Jeanne Garbarino, a Bronx native, currently serves as the Director of Science Outreach at The Rockefeller University in New York City. After graduating from SUNY Geneseo with a BSc in biology, Jeanne went on to pursue her PhD in nutritional and metabolic biology from the Institute of Human Nutrition at Columbia University. During her doctoral studies, Jeanne developed an environmental and genetic model to study the process of lipid-induced cell death using yeast as a model system. She continued her studies in lipid metabolism as a postdoctoral researcher at The Rockefeller University, where she characterized proteins involved in the cellular transport of cholesterol. In addition to her role as a scientific researcher, Jeanne has been involved in many science communication and outreach initiatives, including co-founding SpotOn NYC (SoNYC), which is a monthly science discussion series held at The Rockefeller University in collaboration with Nature.com and Ars Technica. She is also the biology editor of Double X Science. You can connect with Jeanne on Twitter, LinkedIn, and Google+.
At the most basic level, science outreach can be defined as facilitating the understanding of science to non-scientists. While the overall objective of science outreach is clear, the ways in which engagement can occur are numerous. Traditional modes of science outreach include classroom visits by scientists, laboratory tours, public science talks, and science museums. But evolving technologies have opened the door for additional science outreach models.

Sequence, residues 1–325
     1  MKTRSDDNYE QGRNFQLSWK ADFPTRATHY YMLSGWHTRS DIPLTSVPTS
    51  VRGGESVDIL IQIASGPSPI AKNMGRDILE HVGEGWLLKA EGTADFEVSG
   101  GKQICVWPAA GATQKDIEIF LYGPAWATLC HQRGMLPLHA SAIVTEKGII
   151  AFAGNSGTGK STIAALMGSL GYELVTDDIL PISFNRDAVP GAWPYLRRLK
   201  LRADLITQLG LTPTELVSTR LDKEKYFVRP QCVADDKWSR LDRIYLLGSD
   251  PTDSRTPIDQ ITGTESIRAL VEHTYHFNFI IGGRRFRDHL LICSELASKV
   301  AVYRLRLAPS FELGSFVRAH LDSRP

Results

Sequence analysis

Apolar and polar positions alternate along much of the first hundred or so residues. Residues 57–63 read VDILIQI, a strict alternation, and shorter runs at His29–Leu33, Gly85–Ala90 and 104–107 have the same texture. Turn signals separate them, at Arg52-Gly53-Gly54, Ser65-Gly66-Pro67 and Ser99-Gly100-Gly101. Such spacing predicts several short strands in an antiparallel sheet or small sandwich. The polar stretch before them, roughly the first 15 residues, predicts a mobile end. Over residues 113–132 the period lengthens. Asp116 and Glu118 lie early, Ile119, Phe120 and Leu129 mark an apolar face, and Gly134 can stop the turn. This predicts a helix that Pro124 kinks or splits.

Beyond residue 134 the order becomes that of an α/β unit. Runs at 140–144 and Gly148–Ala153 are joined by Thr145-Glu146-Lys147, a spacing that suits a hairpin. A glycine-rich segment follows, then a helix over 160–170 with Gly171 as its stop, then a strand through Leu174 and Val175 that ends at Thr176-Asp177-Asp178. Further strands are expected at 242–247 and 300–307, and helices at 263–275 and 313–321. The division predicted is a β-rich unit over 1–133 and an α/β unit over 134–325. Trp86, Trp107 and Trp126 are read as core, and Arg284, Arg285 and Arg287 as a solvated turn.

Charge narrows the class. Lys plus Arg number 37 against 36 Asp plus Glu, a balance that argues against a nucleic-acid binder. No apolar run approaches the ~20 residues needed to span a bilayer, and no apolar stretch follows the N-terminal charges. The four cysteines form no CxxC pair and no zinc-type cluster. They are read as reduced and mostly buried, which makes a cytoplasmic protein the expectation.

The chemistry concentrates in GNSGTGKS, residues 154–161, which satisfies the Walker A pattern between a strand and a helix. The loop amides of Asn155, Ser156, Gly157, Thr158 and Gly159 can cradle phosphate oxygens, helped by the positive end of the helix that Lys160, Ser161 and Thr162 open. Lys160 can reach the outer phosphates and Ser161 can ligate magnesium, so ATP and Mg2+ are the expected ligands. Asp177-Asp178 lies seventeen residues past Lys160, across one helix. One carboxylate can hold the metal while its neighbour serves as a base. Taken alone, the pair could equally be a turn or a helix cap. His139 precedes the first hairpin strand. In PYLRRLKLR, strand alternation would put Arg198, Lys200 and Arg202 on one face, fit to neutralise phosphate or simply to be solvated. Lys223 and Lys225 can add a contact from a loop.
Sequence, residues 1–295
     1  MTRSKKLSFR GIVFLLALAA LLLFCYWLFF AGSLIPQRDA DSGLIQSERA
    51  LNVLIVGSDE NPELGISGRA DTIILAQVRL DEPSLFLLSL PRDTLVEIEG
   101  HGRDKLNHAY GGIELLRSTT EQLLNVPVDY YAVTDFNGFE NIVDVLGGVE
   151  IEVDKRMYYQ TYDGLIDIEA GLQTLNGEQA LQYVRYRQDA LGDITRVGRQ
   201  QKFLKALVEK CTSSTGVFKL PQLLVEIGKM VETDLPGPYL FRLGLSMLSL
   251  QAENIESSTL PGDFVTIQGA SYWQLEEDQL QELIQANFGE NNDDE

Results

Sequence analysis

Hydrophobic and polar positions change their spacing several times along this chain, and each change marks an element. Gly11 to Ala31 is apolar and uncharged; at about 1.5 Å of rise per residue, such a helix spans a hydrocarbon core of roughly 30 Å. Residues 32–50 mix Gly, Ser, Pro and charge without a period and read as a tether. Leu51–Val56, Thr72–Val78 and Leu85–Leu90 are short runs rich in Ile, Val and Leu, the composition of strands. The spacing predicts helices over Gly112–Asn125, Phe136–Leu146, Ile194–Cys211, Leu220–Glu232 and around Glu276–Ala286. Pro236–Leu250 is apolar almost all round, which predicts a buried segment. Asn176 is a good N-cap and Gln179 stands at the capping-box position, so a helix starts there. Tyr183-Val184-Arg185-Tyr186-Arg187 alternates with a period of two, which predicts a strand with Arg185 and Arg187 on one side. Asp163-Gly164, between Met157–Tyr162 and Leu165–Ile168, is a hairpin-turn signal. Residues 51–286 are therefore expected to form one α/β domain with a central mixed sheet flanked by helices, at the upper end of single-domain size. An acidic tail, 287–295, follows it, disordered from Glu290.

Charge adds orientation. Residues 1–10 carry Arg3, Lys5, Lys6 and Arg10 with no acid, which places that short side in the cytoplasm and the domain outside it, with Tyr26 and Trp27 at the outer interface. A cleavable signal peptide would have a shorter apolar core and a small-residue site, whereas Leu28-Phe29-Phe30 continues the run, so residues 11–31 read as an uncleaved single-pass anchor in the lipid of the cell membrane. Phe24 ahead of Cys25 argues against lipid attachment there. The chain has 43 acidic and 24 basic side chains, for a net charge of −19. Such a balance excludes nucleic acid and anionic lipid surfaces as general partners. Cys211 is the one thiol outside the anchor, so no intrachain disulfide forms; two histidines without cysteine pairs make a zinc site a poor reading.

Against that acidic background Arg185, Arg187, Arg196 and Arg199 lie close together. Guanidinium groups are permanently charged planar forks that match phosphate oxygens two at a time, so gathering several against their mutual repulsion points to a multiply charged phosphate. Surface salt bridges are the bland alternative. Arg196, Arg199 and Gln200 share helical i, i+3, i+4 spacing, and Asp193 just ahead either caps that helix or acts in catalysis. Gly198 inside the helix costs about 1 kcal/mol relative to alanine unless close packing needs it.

As Holly Bik and Miriam Goldstein outlined in a recent PLoS article, there are many social media platforms that can provide easy public access to scientific information, and an increasing number of scientists are signing on to such relatively low-cost efforts. Using social media for science outreach was also the topic of a recent SpotOn NYC event. There, case studies on specific projects using social media for science outreach were presented, and many more were discussed on the SpotOn site (see #reachingoutsci for up to date listings). Another project to help scientists take the leap into the refreshing waters of science outreach, the SciFund Challenge, led by Jai Ranganathan, is offering new outreach training classes for scientists. But one area that has been somewhat overlooked when it comes to science outreach is the realm of crowdfunding.
Crowdfunding has been around for a very long time (telethon, anyone?), and many organizations exist, at least in part, because of regular public contributions. However, the development of sites like Kickstarter, Indiegogo, and Fundly has allowed for personal fundraising campaigns, and scientists are jumping on that bandwagon.
Science crowdfunding changes the equation by adding a powerful new incentive for scientists to engage the public with science: the potential for raising money for research directly from the public. What makes crowdfunding such a powerful potential lever to connect science and society is that the amount of money that can be raised in this way is directly proportional to the size of the audience that has been built.
Because the basic tenet of successful crowdfunding is built upon the “strength in numbers” philosophy, broad dissemination of the message is inherent to any crowdfunding campaign. For scientists who crowdfund, this also implies a broad dissemination (and hopefully understanding) of scientific information to communities that include non-scientists. In other words, science crowdfunding is science outreach.